applying pulsed laser light or pulsed lamp light to an amorphous oxide film formed over lower electrode of the memory cell array to form microcrystalline nuclei of oxide in the oxide film,
forming the upper electrode over the oxide film, and
applying pulsed laser light or pulsed lamp light to the oxide film from above the upper electrode to crystallize the oxide, so that a ferroelectric film is formed.
17. The method of manufacturing a ferroelectric memory as defined in claim 16,
wherein, after stacking at least two of the memory cell arrays, the ferroelectric layer is formed by crystallizing oxide in each of the memory cell arrays.
18. A method of manufacturing a semiconductor device which includes a memory cell region having a ferroelectric layer and a circuit region, the method comprising:
forming the memory cell region in a predetermined area over a substrate, and
forming the circuit region over the substrate in an area other than the memory cell region, and
wherein, when forming the memory cell region, a light blocking film is formed over the circuit region, and the ferroelectric layer is formed by using the method of forming a ferroelectric film after forming at least the light blocking film, the method comprising:
applying pulsed laser light or pulsed lamp light to an amorphous oxide film formed over a substrate to form microcrystalline nuclei of oxide in the oxide film,
forming a light transmission and/or absorption film over the oxide film, and
applying pulsed laser light or pulsed lamp light to the oxide film from above the light transmission and/or absorption film to crystallize the oxide, so that a ferroelectric film is formed.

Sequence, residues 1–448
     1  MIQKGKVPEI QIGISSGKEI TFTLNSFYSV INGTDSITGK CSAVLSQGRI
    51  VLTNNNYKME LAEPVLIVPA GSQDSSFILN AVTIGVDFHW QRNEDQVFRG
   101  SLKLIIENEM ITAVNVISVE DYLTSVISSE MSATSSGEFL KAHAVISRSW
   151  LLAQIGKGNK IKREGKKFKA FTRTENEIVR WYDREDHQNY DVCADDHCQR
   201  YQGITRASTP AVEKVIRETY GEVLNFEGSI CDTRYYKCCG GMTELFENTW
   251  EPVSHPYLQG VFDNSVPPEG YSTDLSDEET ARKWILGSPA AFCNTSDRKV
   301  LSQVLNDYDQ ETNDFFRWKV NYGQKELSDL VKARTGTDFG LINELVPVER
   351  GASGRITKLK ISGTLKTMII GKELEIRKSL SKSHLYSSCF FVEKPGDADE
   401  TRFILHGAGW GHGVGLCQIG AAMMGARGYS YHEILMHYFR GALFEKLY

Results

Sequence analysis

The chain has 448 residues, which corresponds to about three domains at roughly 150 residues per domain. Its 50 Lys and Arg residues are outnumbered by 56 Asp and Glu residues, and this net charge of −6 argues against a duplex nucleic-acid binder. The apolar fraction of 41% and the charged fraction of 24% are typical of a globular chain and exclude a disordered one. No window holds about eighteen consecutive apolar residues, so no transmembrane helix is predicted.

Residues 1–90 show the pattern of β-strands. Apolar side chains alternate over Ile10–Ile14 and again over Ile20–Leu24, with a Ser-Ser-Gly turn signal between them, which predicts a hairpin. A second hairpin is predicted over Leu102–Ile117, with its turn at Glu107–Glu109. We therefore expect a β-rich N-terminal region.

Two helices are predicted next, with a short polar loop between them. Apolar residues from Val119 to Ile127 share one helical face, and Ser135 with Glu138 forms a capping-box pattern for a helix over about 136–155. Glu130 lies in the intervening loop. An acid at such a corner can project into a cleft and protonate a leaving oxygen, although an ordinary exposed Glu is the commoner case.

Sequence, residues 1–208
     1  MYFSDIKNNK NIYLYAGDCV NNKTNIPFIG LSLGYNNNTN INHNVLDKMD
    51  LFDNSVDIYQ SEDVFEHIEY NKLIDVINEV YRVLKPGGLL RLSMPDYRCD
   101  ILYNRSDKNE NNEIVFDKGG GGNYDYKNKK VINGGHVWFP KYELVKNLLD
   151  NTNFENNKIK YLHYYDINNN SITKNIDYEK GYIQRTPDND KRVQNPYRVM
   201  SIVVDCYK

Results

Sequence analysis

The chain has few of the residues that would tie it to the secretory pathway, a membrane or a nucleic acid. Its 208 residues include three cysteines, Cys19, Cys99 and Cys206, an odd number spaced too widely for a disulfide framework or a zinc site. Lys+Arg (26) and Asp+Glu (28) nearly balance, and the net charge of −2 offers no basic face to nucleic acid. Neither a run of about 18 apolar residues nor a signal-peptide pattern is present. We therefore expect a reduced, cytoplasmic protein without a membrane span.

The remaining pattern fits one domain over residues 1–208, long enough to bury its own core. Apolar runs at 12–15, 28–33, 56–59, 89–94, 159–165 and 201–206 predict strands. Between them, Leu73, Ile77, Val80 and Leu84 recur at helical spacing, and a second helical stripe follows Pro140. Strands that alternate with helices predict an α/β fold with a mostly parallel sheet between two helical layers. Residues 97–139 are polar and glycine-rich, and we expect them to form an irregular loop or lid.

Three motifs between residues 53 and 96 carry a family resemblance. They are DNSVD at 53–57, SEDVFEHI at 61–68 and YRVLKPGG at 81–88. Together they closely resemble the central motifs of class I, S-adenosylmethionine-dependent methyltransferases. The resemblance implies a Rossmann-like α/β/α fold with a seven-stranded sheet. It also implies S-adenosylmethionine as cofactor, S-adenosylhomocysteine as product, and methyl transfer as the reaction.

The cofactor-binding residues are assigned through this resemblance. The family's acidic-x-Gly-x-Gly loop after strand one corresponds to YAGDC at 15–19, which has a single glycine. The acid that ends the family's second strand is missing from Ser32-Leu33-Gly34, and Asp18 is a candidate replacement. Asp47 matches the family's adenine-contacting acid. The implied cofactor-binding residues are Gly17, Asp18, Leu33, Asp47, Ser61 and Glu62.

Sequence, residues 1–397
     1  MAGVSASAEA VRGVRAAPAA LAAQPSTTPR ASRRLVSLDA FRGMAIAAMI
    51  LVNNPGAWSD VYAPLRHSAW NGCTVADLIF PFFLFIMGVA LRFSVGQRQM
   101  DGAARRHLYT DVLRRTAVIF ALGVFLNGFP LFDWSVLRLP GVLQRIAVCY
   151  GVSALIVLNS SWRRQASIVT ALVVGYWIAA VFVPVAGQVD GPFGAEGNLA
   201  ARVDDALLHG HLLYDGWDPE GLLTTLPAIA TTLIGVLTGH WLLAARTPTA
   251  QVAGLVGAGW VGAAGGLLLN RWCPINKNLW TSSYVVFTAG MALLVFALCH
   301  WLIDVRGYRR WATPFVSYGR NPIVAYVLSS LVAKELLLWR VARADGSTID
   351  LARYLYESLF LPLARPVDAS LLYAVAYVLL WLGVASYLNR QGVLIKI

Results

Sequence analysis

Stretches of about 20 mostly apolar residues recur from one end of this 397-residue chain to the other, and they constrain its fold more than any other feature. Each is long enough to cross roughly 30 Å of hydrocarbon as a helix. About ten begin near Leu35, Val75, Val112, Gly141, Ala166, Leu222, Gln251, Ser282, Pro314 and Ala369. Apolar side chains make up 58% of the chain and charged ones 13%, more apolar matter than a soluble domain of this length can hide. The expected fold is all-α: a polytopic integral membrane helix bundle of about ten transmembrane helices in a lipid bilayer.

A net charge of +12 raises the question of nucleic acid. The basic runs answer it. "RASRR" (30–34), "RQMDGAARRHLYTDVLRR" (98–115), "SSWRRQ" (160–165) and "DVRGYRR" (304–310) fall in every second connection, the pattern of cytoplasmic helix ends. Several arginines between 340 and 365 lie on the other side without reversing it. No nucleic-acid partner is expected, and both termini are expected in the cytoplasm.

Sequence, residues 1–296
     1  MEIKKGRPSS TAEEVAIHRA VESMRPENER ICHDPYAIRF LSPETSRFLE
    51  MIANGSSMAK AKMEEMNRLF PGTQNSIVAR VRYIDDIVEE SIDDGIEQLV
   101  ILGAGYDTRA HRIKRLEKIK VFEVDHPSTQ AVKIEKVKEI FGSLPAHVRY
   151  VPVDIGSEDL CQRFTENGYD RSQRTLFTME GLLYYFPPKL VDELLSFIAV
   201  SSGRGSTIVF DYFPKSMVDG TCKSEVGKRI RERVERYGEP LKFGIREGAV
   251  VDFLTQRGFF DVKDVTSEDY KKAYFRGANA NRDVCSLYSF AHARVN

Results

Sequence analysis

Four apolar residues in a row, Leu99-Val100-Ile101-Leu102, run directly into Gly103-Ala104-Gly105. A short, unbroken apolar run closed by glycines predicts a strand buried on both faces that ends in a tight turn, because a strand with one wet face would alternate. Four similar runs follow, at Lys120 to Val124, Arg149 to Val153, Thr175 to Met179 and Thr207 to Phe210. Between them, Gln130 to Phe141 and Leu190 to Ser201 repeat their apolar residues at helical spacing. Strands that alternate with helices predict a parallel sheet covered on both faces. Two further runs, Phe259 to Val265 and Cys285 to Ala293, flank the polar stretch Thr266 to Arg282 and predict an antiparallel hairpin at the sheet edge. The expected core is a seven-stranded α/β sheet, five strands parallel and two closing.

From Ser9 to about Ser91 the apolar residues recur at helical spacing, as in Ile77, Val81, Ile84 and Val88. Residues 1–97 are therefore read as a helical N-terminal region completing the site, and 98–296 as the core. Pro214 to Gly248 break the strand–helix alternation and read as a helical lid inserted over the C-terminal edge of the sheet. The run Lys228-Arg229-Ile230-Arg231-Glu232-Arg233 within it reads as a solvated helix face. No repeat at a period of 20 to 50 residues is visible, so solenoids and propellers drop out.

Description

Japanese Patent Application No. 2002-95058 filed on Mar. 29, 2002, is hereby incorporated by reference in its entirety.

BACKGROUND OF THE INVENTION

The present invention relates to a method of forming a ferroelectric film, a ferroelectric memory, a method of manufacturing the ferroelectric memory, a semiconductor device, and a method of manufacturing the semiconductor device.

A ferroelectric memory (FeRAM) retains data by spontaneous polarization of a ferroelectric film used in a capacitor section. In recent years, a semiconductor device utilizing the ferroelectric memory has attracted attention.

Conventionally, a ferroelectric film having good characteristics is formed by crystallizing a ferroelectric material by a heat treatment at a high temperature. For example, a heat treatment at a temperature as high as 600 to 700 C. is necessary for crystallizing Pb(Zr,Ti)O3 (PZT), and a heat treatment at a temperature as high as 700 to 800 C. is necessary for crystallizing SrBi2Ta2O9 (SBT). The ferroelectric material is crystallized by using a heat treatment furnace, for example.

However, the heat treatment at a high temperature causes elements to be significantly damaged. For example, characteristics of a peripheral section such as an electrode deteriorate due to atom diffusion. In the case where other semiconductor devices such as transistors are integrated in a ferroelectric memory, characteristics of the transistors and the like deteriorate due to thermal load applied by the high-temperature heat treatment.